Quarts de Chaume

Appears in
Oxford Companion to Wine

By Jancis Robinson

Published 2006

  • About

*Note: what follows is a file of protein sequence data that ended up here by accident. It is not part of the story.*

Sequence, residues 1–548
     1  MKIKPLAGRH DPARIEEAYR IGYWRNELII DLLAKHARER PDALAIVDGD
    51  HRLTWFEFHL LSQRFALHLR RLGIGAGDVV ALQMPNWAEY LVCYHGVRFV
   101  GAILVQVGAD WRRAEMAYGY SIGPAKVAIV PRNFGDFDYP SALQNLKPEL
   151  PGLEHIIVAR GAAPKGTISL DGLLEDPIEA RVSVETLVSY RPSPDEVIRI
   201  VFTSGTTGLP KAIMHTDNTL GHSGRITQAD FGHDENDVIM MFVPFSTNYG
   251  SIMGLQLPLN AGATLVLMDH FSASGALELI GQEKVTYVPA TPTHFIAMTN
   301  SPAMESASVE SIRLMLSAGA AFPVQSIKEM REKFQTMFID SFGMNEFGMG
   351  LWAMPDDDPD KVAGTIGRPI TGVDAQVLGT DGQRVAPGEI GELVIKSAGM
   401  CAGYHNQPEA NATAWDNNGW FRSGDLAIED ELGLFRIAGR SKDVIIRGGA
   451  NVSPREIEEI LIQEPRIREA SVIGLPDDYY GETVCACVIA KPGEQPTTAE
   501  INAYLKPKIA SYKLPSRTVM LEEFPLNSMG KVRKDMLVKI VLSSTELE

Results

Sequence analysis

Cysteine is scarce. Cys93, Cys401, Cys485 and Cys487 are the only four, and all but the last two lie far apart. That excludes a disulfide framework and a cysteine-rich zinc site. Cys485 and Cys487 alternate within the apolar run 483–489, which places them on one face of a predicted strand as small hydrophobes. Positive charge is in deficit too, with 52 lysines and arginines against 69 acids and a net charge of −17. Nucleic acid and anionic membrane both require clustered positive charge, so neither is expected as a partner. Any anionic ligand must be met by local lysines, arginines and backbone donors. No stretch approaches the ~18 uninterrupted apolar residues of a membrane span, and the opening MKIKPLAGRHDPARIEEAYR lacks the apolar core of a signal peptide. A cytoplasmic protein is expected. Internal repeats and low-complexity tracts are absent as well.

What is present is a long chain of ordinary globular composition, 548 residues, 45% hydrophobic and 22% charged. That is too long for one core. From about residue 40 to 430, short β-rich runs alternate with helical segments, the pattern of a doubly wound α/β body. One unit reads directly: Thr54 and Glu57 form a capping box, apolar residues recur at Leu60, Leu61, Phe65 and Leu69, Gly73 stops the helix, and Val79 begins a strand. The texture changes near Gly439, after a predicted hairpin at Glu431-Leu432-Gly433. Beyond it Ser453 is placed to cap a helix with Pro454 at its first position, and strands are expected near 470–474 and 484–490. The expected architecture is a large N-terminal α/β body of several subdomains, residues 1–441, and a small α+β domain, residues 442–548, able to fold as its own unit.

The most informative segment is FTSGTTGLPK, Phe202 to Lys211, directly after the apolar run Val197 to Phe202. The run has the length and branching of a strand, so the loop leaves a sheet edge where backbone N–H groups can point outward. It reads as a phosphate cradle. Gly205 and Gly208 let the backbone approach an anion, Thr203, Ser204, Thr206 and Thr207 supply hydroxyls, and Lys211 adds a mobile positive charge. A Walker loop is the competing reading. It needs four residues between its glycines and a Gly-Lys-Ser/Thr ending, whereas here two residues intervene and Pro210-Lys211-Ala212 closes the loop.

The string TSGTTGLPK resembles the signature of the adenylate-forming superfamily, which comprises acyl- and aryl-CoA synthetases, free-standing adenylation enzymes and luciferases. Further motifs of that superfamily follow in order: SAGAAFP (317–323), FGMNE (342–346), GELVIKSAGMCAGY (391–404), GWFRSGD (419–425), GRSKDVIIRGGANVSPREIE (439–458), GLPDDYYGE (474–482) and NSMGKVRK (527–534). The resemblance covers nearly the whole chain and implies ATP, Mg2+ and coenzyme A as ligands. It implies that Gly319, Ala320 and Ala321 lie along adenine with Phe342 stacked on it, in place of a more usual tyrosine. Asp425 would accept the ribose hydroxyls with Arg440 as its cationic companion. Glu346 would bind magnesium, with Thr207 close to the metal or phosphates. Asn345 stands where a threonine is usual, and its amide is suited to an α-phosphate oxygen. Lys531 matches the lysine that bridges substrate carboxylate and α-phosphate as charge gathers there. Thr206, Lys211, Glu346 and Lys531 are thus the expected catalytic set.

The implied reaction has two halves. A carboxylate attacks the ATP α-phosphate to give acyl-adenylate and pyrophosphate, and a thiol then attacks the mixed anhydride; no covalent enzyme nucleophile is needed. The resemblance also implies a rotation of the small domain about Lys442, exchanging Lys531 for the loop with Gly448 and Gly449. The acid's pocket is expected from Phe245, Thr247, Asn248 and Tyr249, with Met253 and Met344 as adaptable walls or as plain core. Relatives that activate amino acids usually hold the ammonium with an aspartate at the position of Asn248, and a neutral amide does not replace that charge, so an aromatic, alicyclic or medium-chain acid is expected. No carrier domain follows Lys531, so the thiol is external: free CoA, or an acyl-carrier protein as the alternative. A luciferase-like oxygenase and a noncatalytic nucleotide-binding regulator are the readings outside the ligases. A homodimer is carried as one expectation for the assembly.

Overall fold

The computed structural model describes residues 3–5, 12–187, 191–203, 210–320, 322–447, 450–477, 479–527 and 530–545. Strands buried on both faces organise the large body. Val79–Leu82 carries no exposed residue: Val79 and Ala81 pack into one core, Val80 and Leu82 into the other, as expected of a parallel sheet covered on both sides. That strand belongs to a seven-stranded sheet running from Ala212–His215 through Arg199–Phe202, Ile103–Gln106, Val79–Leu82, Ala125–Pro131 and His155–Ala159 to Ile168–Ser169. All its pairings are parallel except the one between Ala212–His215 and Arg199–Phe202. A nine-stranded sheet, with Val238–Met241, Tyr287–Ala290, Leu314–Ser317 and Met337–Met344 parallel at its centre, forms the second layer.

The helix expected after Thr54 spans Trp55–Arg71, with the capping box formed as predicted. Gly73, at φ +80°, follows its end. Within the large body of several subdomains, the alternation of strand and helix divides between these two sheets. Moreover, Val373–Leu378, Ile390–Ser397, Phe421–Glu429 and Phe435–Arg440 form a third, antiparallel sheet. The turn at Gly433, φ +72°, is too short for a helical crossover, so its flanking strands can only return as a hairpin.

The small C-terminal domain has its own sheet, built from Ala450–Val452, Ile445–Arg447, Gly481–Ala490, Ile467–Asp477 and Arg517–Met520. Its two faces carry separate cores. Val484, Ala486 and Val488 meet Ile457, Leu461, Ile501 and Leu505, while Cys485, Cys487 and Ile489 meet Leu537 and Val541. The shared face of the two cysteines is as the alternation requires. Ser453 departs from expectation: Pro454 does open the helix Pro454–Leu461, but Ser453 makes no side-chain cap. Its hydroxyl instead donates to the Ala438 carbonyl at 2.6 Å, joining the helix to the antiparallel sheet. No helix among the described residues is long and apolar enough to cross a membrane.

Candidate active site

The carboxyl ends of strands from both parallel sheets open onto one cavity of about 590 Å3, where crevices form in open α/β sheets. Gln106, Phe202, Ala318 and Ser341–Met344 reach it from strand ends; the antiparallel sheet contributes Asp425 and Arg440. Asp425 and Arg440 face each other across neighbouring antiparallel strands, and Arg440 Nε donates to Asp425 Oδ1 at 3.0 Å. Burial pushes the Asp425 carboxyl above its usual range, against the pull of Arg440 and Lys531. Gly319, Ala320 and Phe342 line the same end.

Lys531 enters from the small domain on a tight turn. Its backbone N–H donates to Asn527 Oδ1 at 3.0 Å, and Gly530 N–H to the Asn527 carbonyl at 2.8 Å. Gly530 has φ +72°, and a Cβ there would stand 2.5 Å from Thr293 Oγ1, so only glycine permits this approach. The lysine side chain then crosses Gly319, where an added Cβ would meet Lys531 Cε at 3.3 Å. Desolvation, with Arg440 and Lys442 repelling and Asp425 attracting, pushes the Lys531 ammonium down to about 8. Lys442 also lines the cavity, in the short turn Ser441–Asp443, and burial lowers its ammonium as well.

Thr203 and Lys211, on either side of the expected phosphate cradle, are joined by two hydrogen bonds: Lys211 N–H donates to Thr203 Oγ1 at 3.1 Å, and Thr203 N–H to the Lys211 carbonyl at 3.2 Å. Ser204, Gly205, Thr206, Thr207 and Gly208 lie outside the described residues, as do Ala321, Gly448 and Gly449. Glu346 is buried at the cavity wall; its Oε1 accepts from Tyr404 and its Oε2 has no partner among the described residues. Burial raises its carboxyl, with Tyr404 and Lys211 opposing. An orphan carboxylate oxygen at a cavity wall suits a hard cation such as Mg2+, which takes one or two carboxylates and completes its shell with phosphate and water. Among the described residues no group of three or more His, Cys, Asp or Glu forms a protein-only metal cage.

Quarts de Chaume, extraordinary small enclave within the Coteaux du layon appellation producing, only in the best vintages and usually only as a result of noble rot infection, sweet white wines from botrytized Chenin Blanc grapes or, increasingly, such grapes dried on the vine. Total annual production can often be as little as a few thousand cases, from just over 30 ha/74 acres of vineyard, supposedly the finest quarter, or quart, of the Chaume part near Rochefort-sur-Loire of Coteaux du Layon (see france, history, for details). The vineyards here have the advantage of a southerly exposition within a sort of amphitheatre. The brown schist and carboniferous soils are distinctive and result in powerful wines, particularly since the average vine age is high. The minimum grape sugar level in the must is 298 g/l, which is only rarely achieved, so few new investments are being made in this minuscule but potentially glorious appellation. The naturally high acidity of the Chenin Blanc grape endows these wines, similar to but rarer than those of nearby bonnezeaux, with impressive longevity. Domaine des Baumard has tried to secure permission for its continued use of cryoextraction but in 2014 it was decreed that this freezing technique will be outlawed from 2019, and that Quarts de Chaume is officially the Loire’s first grand cru.